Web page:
Early on Friday, US forces “shot down three Houthi one-way attack (drones) near several commercial ships operating in the Red Sea. There was no damage to any ships,” the Central Command (CENTCOM) said on social media.
In a statement later in the day, CENTCOM said US forces destroyed “seven Iranian-backed Houthi mobile anti-ship cruise missiles that were prepared to launch toward the Red Sea.”
It said those strikes , carried out between 12:30 p.m. and 7:15 p.m. Sanaa time, were made in self-defense.
“CENTCOM forces identified these missiles in Houthi-controlled areas of Yemen and determined that they presented an imminent threat to merchant vessels and to the US Navy ships in the region,” it said in a statement.
The day prior, American forces struck four Houthi drones as well as two anti-ship cruise missiles, CENTCOM said, adding that the weapons “were prepared to launch from Houthi-controlled areas of Yemen toward the Red Sea.”
The Houthis began attacking Red Sea shipping in November, saying they were hitting Israel-linked vessels in support of Palestinians in Gaza, which has been ravaged by the Israel-Hamas war.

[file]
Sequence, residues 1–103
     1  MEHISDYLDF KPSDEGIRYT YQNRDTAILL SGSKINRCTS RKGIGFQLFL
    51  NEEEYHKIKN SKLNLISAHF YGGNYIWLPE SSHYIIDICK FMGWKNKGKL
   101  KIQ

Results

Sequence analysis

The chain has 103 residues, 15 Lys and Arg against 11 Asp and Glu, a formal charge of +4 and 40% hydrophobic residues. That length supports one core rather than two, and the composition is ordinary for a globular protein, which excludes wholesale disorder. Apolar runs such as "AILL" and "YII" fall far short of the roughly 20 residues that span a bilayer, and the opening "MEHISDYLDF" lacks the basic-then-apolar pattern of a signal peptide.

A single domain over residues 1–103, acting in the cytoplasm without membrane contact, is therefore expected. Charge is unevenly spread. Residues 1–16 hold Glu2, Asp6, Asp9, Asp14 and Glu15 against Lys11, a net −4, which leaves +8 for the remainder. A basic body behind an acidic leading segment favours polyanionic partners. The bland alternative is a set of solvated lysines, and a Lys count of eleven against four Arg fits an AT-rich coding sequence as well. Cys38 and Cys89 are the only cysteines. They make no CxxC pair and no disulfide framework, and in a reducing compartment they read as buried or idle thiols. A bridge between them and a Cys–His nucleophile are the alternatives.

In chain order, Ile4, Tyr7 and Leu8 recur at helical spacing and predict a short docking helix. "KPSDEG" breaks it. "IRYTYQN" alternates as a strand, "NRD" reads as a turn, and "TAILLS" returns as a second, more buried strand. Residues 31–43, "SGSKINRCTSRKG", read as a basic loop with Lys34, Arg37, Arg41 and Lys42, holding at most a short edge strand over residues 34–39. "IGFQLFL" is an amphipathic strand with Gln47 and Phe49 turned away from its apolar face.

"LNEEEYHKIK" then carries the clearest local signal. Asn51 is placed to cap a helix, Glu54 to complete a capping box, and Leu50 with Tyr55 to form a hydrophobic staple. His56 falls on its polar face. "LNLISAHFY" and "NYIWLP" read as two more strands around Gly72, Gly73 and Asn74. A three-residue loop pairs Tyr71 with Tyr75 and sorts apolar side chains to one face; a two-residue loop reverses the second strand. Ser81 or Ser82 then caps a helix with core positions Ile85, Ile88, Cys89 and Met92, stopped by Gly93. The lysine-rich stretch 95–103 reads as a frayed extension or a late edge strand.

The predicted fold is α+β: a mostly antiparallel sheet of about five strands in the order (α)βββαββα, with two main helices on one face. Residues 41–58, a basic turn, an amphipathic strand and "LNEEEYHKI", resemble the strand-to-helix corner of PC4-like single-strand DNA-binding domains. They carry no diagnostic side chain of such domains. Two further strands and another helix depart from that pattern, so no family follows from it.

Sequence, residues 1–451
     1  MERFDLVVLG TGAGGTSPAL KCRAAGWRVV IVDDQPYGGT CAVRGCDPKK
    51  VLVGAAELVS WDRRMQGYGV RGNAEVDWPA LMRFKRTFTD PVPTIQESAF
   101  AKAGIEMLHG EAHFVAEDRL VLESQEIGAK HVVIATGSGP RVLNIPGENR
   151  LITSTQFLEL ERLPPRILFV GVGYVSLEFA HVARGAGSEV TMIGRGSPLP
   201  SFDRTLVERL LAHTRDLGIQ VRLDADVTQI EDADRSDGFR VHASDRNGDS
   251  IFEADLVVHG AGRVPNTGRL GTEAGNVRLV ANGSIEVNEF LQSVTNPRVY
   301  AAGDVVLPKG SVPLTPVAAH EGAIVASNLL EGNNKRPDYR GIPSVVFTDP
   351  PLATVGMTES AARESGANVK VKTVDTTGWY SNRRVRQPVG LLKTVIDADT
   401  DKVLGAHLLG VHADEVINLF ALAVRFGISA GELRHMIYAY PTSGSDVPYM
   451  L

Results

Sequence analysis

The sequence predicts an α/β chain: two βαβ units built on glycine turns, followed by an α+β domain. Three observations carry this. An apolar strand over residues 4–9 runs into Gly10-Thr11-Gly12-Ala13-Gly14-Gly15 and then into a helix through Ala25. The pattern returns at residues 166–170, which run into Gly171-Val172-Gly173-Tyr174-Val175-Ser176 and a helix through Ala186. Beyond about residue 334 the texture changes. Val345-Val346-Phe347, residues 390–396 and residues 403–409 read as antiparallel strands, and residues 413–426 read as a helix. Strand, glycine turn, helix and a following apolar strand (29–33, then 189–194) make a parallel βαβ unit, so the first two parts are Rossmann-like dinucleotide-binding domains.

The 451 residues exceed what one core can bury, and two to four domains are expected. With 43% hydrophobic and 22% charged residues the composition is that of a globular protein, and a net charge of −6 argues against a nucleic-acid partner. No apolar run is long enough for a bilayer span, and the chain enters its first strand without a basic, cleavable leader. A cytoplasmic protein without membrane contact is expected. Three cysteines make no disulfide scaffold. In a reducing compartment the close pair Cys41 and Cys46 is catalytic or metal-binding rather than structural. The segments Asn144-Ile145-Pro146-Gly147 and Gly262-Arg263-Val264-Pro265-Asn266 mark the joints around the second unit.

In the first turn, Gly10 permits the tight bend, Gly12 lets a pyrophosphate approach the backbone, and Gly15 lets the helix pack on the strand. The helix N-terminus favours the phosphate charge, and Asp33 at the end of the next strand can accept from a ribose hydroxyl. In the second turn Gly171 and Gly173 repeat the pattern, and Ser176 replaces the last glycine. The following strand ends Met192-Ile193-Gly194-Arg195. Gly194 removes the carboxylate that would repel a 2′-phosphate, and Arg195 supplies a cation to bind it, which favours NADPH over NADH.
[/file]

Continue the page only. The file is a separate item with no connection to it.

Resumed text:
US and UK forces responded with strikes against the Houthis, who have since declared American and British interests to be legitimate targets as well.
Anger over Israel’s devastating campaign in Gaza — which began after an unprecedented Hamas attack on October 7 — has grown across the Middle East, stoking violence involving Iran-backed groups in Lebanon, Iraq, Syria and Yemen.


US warns of environmental disaster from cargo ship hit by Houthi rebels

US warns of environmental disaster from cargo ship hit by Houthi rebels
Updated 24 February 2024
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US warns of environmental disaster from cargo ship hit by Houthi rebels

US warns of environmental disaster from cargo ship hit by Houthi rebels
  • The Belize-flagged Rubymar was damaged Sunday by a missile strike claimed by the Iran-backed Houthi rebels
  • It was transporting 41,000 tons of fertilizer when it was attacked, says Roy Khoury, the CEO of Blue Fleet CEO